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TesseracT: From Milton Keynes to the North Star

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By Salla Harjula

How to deliver anything actually meaningful into a chat of all of 15 minutes? TesseracT’s Amos Williams shows how. We jump straight into the deep end, as I call the man in China and ask him to describe the backstory for upcoming album Polaris.

”The theme is quite simple,” Amos says, before proceeding to give the most lyrical explanation in his measured, graceful manner. ”It’s basically about questioning truth.”

”The North Star is called Polaris. The thing is, although it’s been used as a reference point for people for hundreds of years, it moves. Because the sky is full of stars which are constantly moving. So that reference point will disappear. And in fact a few thousand years ago, there was a different star that was used in its place. And in a few thousand years’ time there will be another star that is used as the brightest star.”

”So that was quite a natural metaphor for it. Everything that we thought was true yesterday has kind of been proven to be false today. Or we’ve learned more details about that today, and changed our opinion. Equally, tomorrow we will find out new information that will change our opinion on that truth.”

”We figured it would be a nice, slightly poetic way to discuss a mundane but powerful truth. Which is that there is no such thing as truth. It moves, it changes.”

Musically, Amos feels Polaris is on a fairly similar path to their previous release Altered State.

”In terms of instrumentation we’ve reeled things back a little. So it’s not as dense as Altered State from an instrumentation point of view. But from a production point of view it’s a bit denser, there’s more going on, there’s a lot of sound designs.”

”We started working with our sound guy who mixes us at gigs. He’s a fantastic producer. So he’s basically become the sixth member of the band, behind the scenes, working and helping design the soundscapes. There’s a lot of detail you might not catch on straight away, but he adds another dimension to our sound.”

”And lyrically, there’s more poetry. The concept of storytelling is in the forefront. Instead of just putting some words together to make it sound cool, it’s very much a desire to tell a strong story. That’s basically Dan really wishing to come across in a more powerful manner. And also, every time he gets on stage, to believe in what he’s singing about.”

Yes, Daniel Tompkins is back behind the mike. This post within TesseracT has been extraordinarily wobbly during their not-so-very-long-at-all history. Why Dan? Why now?

”Because it was right.”

”It wasn’t difficult to talk to Dan again, once we knew it wasn’t gonna work with Ashe. Because we’ve remained strong friends with Dan. He was never just a band member, simply because we went on some quite long and arduous touring with Dan and that gives you a bond that’s very difficult to break.”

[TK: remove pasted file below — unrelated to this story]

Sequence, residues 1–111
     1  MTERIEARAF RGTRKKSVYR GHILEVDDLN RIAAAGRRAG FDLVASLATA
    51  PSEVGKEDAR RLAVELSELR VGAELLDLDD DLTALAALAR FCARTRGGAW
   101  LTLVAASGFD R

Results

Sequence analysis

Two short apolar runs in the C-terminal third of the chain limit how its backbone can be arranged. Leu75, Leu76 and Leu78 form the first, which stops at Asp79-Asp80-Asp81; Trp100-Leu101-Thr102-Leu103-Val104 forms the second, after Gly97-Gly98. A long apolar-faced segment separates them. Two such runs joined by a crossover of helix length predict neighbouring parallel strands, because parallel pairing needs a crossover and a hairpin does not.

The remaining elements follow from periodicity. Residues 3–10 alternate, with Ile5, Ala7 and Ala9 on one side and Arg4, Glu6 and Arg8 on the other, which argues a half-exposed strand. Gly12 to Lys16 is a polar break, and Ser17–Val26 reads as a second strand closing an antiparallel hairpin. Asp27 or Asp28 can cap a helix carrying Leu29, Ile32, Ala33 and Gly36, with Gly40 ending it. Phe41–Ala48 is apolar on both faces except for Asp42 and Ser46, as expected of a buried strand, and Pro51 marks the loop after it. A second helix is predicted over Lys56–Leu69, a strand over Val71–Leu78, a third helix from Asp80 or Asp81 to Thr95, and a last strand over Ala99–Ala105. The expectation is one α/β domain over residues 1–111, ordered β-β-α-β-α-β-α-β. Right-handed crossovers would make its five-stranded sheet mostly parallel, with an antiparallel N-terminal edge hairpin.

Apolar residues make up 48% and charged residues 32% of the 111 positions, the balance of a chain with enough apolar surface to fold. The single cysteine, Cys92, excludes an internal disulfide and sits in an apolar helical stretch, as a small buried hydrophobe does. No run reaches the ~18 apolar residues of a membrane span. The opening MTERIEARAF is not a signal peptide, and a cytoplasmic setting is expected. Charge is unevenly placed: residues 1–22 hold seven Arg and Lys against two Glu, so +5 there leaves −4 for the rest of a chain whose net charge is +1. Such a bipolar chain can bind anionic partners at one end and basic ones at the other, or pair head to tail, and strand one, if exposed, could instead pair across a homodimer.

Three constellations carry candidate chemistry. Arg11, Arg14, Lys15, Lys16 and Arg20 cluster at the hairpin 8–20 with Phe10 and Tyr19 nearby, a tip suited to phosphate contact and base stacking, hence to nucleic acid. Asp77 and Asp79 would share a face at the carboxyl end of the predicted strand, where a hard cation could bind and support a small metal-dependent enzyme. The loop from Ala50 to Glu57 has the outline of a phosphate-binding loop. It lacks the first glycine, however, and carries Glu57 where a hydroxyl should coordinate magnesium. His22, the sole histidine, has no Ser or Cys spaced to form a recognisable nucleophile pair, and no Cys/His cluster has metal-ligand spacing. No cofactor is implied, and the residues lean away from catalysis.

TesseracT is often designated as a pioneer of the djent scene. This is a stamp not everybody unambiguously loves – and so I’m interested to know how Amos himself feels about it.

”I think it’s wonderful. It’s a scene people identify with. And being embraced by a scene is an incredible thing and a wonderful springboard for a band to be launched into a wider demographic. The general public are not gonna hear you until you get pushed by the energy and the enthusiasm of a group of people. It was wonderful to be accepted by the progressive metal and rock crowd under the djent tag. Because it helped propel us into an international scene almost immediately.”

”I don’t have the problem that a lot of musicians seem to have with it. It’s fine, it’s cool, you can call us what you like. If you enjoy our music and are there for the right reasons, which I’d hope would be the case: I don’t imagine there’s many djent fans who go to a djent gig just because it’s a djent gig.”

Amos ends the interview by enthusing – in his calm and composed style, of course – about their imminent Australian gigs.

”It’ll be good fun. And that’s always a nice way to start a touring schedule: to do a fun territory. And Australia is. So much fun.”

Polaris comes out September 18 via Kscope.

TesseracT tours Australia this October with Caligulas Horse.

Tour Dates

Wednesday, 14 October – The Zoo, Brisbane – 18+ – with Plini

Thursday, 15 October –  The Factory Theatre, Sydney – Lic AA – with Plini

Friday, 16 October – Max Watts, Melbourne – 18+ – with Plini

Saturday, 17 October – Fowlers, Adelaide – Lic AA – with Dyssidia

Sunday, 18 October –  Amplifier Bar, Perth – 18+ – with Chaos Divine

 

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